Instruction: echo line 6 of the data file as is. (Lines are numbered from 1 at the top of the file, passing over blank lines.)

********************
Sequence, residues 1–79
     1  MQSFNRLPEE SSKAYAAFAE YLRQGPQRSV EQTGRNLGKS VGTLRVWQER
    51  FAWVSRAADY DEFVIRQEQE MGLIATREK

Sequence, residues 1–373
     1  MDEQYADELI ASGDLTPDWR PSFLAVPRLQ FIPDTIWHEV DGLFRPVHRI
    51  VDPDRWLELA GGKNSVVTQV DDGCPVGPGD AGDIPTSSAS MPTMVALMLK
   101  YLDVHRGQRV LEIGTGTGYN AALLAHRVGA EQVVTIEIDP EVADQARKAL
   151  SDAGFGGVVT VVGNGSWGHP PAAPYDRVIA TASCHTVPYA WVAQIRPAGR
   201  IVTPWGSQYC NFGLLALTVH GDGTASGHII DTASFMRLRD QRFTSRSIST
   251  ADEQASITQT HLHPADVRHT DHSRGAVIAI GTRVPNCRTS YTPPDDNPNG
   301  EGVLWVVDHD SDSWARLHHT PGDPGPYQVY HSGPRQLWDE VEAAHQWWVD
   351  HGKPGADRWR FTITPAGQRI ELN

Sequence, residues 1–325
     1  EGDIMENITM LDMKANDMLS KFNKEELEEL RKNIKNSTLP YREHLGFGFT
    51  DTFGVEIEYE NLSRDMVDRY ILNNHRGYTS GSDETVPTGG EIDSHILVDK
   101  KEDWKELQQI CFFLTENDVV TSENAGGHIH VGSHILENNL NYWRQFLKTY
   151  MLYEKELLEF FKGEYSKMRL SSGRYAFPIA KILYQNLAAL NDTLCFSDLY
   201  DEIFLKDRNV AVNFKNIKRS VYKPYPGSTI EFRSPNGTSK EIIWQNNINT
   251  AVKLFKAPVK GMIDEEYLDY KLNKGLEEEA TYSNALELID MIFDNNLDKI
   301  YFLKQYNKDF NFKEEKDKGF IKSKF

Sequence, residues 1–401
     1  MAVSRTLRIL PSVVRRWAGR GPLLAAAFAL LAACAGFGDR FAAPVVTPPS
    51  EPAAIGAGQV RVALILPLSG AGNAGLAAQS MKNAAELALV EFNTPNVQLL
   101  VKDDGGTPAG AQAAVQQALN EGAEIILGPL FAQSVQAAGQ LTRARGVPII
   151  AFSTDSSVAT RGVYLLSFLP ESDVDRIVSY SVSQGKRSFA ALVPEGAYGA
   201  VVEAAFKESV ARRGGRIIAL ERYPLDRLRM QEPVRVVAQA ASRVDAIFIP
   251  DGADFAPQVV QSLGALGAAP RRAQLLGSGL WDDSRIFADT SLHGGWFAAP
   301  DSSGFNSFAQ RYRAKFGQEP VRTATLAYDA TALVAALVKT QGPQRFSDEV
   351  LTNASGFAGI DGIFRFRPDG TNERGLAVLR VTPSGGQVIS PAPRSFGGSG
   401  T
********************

    51  VDPDRWLELA GGKNSVVTQV DDGCPVGPGD AGDIPTSSAS MPTMVALMLK